Will Tropic Care return with free health care?

Talk is already under way to try and host another Tropic Care Instant Readiness Training program on Kaua‘i, say local Department of Health officials.

State Sen. Ron Kouchi, D-Kaua‘i and Ni‘ihau, learned about the effort from leaders of Tropic Care Kaua‘i 2012 on Friday when Kouchi stopped by the Kaua‘i District Health Office to present legislative certificates of commendation to the agency and leaders of the initiative that provided free basic health care to Kaua‘i residents.

Dr. Dileep Bal of the Kaua‘i District Health Office said Tropic Care leaders were impressed with the success and response from the Kaua‘i program, which operated from Feb. 27 until March 9 at three sites on the island.

“They had more than 10,000 responses during this period,” Bal said. “In spite of the rain (which shortened hours at the Kapa‘a site), there was a tremendous response. They have never gotten more than 10,000 responses at any of the other operations.”

A report prepared by the district health office for Kouchi described the services provided, including care for more than 2,200 medical patients, the

provision of nearly 3,000 dental services, and services to nearly 5,000 optometry patients.

Optometry patients were provided 3,570 pairs of eyeglasses that were custom-fabricated by a team of active duty personnel who spent 24 hours a day at a Hanapepe Armory facility.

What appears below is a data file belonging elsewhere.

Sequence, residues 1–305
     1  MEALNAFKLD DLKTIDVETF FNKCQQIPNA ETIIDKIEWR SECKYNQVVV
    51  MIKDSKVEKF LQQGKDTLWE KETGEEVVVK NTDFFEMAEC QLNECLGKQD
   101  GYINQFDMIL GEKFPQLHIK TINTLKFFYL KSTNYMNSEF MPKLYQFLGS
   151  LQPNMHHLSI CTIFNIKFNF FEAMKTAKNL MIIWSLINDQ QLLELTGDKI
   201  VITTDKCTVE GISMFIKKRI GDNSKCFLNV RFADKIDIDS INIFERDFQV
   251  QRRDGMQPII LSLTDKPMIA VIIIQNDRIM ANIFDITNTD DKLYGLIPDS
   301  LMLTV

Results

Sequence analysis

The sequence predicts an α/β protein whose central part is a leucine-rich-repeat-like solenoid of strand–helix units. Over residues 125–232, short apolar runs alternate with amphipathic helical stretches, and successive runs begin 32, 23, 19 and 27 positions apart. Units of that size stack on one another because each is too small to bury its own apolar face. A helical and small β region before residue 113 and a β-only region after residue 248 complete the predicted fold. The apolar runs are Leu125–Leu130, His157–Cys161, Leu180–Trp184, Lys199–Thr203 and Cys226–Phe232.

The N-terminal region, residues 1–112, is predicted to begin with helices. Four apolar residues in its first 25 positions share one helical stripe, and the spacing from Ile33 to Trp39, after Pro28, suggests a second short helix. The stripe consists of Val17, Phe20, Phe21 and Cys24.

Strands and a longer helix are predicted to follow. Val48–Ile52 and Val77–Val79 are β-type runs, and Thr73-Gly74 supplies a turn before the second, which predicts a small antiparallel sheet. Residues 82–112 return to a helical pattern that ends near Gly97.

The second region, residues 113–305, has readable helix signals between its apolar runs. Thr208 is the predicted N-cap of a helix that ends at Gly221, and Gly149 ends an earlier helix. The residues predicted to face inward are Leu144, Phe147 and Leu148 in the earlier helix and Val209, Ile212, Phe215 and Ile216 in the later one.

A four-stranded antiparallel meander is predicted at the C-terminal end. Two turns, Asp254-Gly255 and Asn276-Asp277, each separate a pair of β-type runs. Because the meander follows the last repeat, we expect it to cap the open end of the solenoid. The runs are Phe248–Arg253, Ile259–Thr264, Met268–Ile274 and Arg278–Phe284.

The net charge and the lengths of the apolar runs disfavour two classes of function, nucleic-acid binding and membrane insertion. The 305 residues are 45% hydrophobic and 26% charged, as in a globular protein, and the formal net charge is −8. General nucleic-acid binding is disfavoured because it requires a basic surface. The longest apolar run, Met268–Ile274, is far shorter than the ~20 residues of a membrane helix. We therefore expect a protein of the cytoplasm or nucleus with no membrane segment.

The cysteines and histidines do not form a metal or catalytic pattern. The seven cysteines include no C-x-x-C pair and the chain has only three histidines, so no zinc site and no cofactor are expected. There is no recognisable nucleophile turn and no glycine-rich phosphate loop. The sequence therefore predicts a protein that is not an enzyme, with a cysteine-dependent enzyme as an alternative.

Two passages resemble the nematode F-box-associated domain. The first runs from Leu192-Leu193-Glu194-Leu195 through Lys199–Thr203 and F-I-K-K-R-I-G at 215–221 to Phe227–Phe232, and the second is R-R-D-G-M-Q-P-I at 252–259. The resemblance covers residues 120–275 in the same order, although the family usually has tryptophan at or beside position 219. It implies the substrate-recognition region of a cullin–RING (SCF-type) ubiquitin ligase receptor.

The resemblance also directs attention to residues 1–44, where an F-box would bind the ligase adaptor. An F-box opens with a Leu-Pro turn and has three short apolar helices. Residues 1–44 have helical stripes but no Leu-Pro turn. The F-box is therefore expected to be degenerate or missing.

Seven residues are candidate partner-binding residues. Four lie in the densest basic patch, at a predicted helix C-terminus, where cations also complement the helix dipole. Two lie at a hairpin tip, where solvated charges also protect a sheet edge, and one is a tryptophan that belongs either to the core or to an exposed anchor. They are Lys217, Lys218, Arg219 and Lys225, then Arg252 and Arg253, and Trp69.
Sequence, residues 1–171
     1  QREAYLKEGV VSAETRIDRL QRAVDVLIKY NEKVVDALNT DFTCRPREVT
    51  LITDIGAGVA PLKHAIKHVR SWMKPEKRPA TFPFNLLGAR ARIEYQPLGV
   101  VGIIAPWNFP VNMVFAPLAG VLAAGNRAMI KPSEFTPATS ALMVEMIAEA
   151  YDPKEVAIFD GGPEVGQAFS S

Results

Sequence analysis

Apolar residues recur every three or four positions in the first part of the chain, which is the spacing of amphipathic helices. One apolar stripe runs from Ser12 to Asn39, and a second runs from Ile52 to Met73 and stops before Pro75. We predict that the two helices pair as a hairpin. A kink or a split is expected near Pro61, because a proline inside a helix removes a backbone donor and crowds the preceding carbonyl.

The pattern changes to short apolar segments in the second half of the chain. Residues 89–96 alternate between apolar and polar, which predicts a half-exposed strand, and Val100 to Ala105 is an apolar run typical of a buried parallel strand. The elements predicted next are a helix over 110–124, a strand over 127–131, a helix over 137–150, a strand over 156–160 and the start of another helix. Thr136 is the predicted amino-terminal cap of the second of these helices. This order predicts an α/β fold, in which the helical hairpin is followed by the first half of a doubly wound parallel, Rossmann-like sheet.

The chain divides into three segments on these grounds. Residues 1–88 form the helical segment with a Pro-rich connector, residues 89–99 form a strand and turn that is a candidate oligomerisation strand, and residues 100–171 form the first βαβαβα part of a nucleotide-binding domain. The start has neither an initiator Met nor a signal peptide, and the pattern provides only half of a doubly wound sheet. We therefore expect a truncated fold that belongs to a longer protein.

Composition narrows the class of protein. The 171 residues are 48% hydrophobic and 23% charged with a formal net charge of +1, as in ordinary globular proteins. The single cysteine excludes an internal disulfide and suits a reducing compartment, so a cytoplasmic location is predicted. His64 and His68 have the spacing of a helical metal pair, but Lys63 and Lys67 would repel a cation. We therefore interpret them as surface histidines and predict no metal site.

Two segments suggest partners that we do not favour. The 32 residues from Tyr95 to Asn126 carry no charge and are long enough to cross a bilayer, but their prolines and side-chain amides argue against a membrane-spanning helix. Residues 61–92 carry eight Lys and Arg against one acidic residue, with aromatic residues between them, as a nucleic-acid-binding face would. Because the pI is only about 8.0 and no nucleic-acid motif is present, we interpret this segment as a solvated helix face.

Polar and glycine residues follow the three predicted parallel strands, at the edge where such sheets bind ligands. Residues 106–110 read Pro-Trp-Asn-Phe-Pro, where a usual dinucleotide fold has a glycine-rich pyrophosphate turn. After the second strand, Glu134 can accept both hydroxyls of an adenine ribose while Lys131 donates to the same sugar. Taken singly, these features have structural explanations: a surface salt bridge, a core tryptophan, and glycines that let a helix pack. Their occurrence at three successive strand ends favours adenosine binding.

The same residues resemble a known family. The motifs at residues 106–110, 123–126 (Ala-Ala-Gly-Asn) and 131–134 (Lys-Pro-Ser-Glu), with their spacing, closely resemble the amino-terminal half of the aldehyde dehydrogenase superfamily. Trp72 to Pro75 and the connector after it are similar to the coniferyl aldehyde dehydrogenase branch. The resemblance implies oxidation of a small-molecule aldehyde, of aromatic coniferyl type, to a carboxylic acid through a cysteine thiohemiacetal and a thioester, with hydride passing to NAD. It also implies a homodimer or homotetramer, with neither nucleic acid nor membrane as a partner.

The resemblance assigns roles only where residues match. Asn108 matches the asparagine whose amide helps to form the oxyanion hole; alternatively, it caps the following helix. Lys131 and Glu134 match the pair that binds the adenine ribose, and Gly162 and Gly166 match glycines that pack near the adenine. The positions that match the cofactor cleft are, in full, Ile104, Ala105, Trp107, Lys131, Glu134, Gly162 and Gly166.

As leaders of the Kaua‘i efforts for Tropic Care, Bal was joined by Public Health Nursing Supervisor Toni Torres, Dennis Esaki, Gov. Neal Abercrombie’s representative, and Thomas Noyes, the Communities Putting Prevention to Work project coordinator.

During the Kaua‘i operation, clinics were set up at the All Saints Episcopal Church in Kapa‘a, Kaua‘i Community College in Puhi and the Kaua‘i Soto Zen Temple Zenshuji in Hanapepe as part of the military readiness initiative.

 The clinics were staffed by military reserve physicians and their support staff of about 400 people in dental services, optometry services, physical therapy, psychological counseling, and dietary and nutrition counseling .

Torres said medical services provided were valued in  excess of $7 million for a program which was budgeted at $500,000.

He said the local economy also benefited from group and individual expenditures.

Tropic Care Kaua‘i, in addition to its partnership with national, state and county agencies, received assistance from numerous community organizations.

Those community organizations included All Saints Episcopal Church, Calvary Chapel Kaua‘i, Catholic Charities Hawai‘i, Hawai‘i Medical Service Association, Ho‘ola Lahui Hawai‘i, Kapa‘a Hongwanji Mission, Kaua‘i Economic Opportunity, Lions Clubs of Kaua‘i, Kaua‘i Medical Clinic, Kaua‘i Ministries, Kaua‘i Veterans Council, Kaua‘i Veterans Memorial Hospital, Samuel Mahelona Memorial Hospital, the Salvation Army, Kaua‘i Soto Zen Mission Temple, Veterans Administration Primary Care Center, West Kaua‘i Hanapepe Hongwanji and Wilcox Memorial Hospital.

• Dennis Fujimoto, photographer and staff writer, can be reached at 245-3681 (ext. 253) or dfujimoto@ thegardenisland.com.

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